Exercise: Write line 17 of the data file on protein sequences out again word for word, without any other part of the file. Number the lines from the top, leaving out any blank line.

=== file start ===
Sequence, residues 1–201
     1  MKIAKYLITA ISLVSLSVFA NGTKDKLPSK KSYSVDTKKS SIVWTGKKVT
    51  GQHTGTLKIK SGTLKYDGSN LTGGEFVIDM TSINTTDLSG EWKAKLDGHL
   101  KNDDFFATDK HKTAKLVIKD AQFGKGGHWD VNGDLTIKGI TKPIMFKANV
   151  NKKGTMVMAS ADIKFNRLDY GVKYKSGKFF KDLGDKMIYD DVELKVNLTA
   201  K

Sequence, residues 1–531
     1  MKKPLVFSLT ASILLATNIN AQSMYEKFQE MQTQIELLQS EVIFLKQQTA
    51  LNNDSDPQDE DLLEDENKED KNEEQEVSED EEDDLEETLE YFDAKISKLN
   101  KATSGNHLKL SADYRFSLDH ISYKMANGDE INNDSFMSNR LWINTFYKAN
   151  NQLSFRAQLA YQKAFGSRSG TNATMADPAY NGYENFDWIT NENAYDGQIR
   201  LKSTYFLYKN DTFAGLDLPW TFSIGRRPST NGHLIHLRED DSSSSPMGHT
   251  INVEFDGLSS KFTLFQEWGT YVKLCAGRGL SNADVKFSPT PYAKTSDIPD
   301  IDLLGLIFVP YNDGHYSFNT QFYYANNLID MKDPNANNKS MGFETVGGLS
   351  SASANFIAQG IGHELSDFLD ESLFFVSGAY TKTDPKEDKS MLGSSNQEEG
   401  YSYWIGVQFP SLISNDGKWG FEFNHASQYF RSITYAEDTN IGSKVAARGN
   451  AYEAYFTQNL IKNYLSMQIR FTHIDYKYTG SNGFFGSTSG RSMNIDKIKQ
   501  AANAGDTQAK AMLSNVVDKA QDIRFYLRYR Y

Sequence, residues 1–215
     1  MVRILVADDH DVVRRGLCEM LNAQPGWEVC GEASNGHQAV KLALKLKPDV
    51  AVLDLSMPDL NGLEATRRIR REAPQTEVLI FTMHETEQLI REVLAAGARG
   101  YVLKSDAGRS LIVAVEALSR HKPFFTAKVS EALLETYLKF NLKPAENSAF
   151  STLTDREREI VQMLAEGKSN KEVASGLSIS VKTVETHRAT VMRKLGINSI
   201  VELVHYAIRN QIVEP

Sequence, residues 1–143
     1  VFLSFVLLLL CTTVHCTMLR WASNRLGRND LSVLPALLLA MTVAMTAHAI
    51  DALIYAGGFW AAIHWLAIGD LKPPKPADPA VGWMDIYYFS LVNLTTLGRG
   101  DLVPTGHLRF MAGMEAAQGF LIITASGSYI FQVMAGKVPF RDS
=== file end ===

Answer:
   451  AYEAYFTQNL IKNYLSMQIR FTHIDYKYTG SNGFFGSTSG RSMNIDKIKQ